4 Tips To Avoid A Freeze-Up

It’s funny how you can look back at decisions and be amazed at your choices.  When you look back it always seems crystal clear.  You think to yourself- “How could I have made such a bad decision?”  It can be downright frightening.  You realize that at the time it seemed like the right thing to do.  You had reasonably good information.  You are not really much smarter now, than when you made the decision.   You think- “How could my judgment be so clouded?”      

 

English: Silver snowflake

 Bad decisions generally require added work and risk.  If you make a bad decision you are often thrust into the clean-up mode.  You must straighten it out and make it right.  This is usually painful- at least on some level. I’ve made some bad decisions and paid the consequences and picked up the mess.   It’s not fun and it can shake your confidence.  You have a difficult time finalizing a decision and you freeze-up!  You just can’t decide.  Here are some tips to avoid the freeze-up in decision making:

  1. Learn from your mistakes!  Have you ever watched a dog with one of those invisible fences in the yard?  They first will get a shock when they reach the barrier and generally that is enough.  They will learn the exact location of the fence and stop abruptly before hitting the mark.  Sometimes we just think it will be different this time and we charge straight for the fence!  Why do we do it?  Even a dog is smart enough to learn.  Somehow we think it will be difference this time.  Don’t kid yourself.  Learn and avoid the pain!
  2. Do your homework!  You must be ready when you are confronted with a similar decision.  If you take the time to really think through the dynamics and results you will likely make a quality decision next time.  Often in the heat of the battle you will not have time to think objectively.  Your vision gets clouded.  Analyze what went wrong and what you could have done differently.  Next time you will be prepared and ready!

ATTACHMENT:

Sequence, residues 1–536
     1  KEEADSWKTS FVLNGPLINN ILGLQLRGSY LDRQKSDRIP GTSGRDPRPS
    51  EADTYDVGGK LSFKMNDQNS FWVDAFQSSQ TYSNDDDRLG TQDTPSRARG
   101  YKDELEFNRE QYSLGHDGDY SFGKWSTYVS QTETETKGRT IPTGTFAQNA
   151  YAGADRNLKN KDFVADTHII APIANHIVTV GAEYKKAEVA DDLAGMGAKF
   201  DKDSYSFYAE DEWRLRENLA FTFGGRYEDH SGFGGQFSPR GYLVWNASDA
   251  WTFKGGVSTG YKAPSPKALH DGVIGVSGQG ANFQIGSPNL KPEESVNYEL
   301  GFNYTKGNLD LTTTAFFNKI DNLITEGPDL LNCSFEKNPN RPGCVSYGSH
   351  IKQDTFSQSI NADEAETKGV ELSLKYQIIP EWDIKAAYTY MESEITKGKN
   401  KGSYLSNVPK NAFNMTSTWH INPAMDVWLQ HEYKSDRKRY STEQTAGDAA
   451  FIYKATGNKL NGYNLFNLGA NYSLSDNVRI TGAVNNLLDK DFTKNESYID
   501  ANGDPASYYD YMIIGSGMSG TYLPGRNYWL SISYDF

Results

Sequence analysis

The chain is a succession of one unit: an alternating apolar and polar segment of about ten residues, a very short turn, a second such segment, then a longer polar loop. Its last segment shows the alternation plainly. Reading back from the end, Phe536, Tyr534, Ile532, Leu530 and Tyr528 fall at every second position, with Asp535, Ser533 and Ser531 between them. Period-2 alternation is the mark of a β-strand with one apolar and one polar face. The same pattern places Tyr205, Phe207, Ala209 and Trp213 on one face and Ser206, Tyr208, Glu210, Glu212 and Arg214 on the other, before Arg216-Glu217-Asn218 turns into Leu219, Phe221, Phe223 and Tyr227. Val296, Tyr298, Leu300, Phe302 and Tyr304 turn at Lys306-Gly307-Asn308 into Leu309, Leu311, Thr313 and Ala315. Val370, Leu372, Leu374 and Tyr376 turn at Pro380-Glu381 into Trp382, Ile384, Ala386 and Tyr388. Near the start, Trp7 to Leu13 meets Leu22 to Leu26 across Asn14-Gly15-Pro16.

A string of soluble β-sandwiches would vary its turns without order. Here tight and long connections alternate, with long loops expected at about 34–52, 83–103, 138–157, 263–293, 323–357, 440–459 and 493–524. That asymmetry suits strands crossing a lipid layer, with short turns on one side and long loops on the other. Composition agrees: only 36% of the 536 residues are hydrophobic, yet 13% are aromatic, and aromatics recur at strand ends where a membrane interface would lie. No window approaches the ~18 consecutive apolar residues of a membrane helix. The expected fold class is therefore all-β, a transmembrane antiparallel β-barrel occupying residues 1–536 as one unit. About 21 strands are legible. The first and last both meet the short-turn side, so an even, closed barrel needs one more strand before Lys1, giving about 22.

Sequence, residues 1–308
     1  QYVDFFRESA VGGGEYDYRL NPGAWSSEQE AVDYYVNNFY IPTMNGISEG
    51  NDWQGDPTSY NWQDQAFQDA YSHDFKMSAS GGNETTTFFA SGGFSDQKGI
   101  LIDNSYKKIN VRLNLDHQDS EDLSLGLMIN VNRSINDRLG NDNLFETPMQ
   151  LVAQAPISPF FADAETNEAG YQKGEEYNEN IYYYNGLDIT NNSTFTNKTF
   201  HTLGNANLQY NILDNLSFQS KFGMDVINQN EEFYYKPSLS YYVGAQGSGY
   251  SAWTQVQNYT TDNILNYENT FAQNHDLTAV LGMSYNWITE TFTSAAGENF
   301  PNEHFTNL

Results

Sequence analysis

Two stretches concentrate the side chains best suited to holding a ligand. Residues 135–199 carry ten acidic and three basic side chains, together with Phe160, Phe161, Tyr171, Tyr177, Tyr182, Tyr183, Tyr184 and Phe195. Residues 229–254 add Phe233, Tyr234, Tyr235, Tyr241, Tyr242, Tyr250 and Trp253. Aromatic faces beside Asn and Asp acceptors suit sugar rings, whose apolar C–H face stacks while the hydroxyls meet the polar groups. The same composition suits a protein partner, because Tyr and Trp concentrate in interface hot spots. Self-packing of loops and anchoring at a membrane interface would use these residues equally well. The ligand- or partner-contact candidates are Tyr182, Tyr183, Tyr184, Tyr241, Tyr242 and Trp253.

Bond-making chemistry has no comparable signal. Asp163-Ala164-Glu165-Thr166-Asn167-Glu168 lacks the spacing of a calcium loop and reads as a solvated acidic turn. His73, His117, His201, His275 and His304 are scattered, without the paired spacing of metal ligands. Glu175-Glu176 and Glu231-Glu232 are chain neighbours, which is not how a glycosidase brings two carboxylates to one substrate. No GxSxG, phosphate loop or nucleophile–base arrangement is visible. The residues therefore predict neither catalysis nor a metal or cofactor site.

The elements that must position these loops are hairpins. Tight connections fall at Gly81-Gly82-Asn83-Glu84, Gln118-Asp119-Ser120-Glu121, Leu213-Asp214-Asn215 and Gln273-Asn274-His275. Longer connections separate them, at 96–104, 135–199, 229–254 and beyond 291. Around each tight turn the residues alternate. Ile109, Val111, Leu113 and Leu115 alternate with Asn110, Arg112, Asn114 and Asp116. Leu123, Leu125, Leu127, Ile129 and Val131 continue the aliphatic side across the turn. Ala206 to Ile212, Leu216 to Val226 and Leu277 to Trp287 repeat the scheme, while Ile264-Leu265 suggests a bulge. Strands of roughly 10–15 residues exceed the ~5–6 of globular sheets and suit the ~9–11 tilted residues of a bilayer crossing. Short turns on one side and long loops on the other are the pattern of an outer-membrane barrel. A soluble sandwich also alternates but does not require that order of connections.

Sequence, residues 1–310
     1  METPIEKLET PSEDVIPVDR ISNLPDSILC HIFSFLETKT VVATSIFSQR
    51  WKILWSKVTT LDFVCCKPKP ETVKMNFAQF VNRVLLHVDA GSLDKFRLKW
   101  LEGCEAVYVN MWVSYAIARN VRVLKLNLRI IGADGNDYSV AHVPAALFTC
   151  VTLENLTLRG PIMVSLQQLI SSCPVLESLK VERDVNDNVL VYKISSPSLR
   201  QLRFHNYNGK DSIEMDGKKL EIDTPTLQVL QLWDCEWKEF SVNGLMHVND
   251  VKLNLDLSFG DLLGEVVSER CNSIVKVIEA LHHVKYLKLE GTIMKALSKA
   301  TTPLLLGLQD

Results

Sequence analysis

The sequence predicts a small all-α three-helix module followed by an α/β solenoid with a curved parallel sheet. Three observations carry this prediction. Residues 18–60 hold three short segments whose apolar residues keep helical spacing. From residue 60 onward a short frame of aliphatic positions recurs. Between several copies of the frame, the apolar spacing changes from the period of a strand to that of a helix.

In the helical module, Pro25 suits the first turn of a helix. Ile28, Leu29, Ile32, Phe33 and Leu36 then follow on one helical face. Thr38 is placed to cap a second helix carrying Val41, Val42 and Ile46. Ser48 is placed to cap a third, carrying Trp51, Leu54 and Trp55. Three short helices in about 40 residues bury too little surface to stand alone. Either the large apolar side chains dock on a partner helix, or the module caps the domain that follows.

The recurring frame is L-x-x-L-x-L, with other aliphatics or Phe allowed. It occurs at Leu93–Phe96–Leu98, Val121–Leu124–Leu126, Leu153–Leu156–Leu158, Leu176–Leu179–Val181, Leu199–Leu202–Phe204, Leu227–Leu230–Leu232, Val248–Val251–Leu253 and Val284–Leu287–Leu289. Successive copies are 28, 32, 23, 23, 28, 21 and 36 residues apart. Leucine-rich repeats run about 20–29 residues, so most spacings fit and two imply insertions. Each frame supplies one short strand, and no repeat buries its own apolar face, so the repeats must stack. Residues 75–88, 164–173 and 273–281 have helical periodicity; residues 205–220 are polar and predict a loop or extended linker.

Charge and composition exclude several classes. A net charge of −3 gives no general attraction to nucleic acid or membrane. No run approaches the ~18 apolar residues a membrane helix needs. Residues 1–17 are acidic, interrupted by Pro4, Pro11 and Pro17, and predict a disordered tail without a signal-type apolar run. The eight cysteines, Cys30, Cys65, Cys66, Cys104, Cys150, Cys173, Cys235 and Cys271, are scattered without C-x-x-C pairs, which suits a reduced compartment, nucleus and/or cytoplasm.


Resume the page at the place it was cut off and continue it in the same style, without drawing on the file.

3. Get advice!  I have shared some of my failures with friends and have received amazing advice.  We are all prone to a particular viewpoint and this perspective is not easy to change.  When you share your story you are also inviting someone in to help you unload your burden and help you heal from the damage of a bad decision.  Find a trusted friend and talk it out.  Don’t argue with them even if you do not fully agree.  Take some time and ponder the advice.  It may not be exactly on target, but I can guarantee that there will be nuggets of truth that will lead to reconciliation and healing.
  4. Jump!  Eventually you will confronted with a similar situation and you must be ready to risk again.  Regardless of how much preparation and learning that has occurred, there will still be an element of risk in moving forward.  However, you must move forward.  Avoiding, postponing or failing to act will only hurt you.  Risk is part of life.  You must be ready. 

We all freeze-up sometimes.  It’s a built in defense system to keep us safe.  The key is to recognize the freeze-up and to deal with it.  If you find yourself hesitating, you are likely to be confronting something that you have not completely dealt with.  Being cautious is good- but getting stuck is no good.  You must move forward and get back in the game.  You are needed.  There are folks that are counting on you!   

Do you have any hints to help in decision making?  Click on comment and tell us your story!    

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About Joe Passkiewicz

Joe Passkiewicz is Vice President of LandSouth Construction and Lead Contributor of Leading By Serving, Leadership is for Everyone.

3 thoughts on “4 Tips To Avoid A Freeze-Up

  1. Great article! Getting stuck because of a bad decision is a choice to either stay there and suppress those emotions and not deal with them now(they will always fester later) or realize that this is part of our journey here. We look at bad decisions as terrible, but they are vital in our growth, so that we can learn, confront and find peace as we deal with our situations. I thank God for those tough moments and I can look back and, in confidence, can say that when I confronted or made a decision to make right out of wrong, it almost always turned out for the better and I learned a great deal from it! And the cool thing is that the path seems a little straighter as I go through and learn from my mistakes! As someone once said, “you gotta go through to get through!”

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